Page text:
Obama gets some hospital support for turning MedPAC into rate-setting authority

While the majority of industry groups remain opposed to the idea, President Obama has won over some hospitals to his proposal to form an independent commission which would determine how much Medicare pays providers.

President Obama would like to upgrade the Medicare Payment Advisory Council, which gave advice but had no power to enact its recommendations, into a much more powerful agency called the Independent Medicare Advisory Council. The IMAC's recommendations would automatically be enacted unless Congress passed a joint resolution within a month of their being issued.

Some of the most vocal supporters of the new authority are so-called "model" systems, such as the Mayo Clinic, which the Obama administration has singled out of late for their ability to deliver high quality care at relatively low cost. They've been won over by assurances that the new Medicare system would emphasize value purchasing over paying for volume of services delivered. Other supporters come from varied sectors of the hospital industry.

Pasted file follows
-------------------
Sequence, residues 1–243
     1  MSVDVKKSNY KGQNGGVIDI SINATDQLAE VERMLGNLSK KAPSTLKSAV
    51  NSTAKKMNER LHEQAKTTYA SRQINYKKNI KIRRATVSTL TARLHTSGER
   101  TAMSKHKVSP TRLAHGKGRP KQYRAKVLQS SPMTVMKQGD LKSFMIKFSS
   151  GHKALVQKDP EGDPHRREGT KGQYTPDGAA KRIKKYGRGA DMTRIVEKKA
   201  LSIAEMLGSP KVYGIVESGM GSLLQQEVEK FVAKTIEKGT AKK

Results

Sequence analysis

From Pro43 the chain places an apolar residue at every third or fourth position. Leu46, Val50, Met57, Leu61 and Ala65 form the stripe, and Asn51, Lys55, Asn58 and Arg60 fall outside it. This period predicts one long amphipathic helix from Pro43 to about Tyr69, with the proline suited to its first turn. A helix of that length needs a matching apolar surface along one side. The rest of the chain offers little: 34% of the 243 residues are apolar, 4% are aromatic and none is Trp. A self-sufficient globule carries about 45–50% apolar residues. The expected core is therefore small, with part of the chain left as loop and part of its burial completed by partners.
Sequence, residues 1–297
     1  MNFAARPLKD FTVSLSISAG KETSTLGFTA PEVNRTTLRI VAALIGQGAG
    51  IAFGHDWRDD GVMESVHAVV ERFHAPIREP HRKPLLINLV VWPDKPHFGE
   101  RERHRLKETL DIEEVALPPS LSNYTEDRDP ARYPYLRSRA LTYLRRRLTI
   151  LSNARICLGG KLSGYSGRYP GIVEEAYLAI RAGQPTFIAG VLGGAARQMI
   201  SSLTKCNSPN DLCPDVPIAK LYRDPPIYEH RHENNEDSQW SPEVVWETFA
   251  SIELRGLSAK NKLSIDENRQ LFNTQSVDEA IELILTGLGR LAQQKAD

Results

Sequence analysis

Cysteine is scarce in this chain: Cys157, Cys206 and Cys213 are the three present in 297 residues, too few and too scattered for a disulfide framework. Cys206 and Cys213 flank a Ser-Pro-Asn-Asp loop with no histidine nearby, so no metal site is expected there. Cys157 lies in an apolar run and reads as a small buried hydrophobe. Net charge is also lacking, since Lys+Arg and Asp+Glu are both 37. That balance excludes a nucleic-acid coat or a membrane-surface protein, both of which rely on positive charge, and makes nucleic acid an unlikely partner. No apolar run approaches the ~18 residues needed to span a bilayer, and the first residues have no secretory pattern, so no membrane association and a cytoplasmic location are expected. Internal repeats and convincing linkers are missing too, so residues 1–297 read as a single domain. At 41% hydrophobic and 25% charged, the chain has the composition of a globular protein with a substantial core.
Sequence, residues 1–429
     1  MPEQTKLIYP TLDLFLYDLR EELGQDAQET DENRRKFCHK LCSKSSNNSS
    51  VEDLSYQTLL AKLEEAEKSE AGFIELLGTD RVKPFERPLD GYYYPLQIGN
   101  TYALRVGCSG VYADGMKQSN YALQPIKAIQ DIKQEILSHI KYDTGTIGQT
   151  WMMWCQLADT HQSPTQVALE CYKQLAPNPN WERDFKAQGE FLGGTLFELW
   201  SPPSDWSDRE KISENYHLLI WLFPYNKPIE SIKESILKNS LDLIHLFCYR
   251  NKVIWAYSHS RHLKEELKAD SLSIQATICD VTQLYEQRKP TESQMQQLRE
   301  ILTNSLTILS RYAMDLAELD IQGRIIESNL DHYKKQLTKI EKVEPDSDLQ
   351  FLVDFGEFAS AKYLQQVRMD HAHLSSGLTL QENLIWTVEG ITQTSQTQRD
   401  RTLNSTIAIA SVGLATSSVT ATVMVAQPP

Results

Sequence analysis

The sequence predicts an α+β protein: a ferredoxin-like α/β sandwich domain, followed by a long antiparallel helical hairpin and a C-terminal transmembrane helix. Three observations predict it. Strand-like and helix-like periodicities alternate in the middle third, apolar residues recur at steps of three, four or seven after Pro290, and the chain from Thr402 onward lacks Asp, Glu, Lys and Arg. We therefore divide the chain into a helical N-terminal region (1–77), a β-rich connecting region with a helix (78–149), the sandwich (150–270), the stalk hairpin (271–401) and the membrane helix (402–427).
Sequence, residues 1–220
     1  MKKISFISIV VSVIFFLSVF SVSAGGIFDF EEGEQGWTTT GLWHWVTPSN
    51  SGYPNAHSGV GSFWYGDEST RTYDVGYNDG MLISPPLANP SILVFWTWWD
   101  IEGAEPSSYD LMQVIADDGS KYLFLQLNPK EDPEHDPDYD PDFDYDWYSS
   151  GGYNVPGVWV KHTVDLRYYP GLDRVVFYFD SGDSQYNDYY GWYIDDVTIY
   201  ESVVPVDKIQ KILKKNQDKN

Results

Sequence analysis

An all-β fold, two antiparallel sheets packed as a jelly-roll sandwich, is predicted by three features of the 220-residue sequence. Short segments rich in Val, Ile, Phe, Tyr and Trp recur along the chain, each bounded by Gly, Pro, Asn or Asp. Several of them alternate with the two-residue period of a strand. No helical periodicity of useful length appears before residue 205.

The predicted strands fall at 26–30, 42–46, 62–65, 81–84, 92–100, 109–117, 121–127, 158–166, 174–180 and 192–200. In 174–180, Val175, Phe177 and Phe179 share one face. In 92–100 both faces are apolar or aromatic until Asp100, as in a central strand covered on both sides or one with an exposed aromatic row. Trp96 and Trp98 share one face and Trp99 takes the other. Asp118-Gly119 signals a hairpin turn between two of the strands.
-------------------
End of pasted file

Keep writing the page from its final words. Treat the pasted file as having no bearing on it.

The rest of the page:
The American Hospital Association is opposed to this concept, as is the Association of American Medical Colleges, which argues that the proposal is an "extreme shift of authority from the legislative to the executive branch," according to association CEO Atul Grover. However, CHRISTUS Health, a Catholic health system with more than 50 hospitals, has come out in favor of this strategy, arguing that the new agency would make sure providers were improving quality and improving costs.

To learn more about this issue:
- read this Kaiser Health News piece

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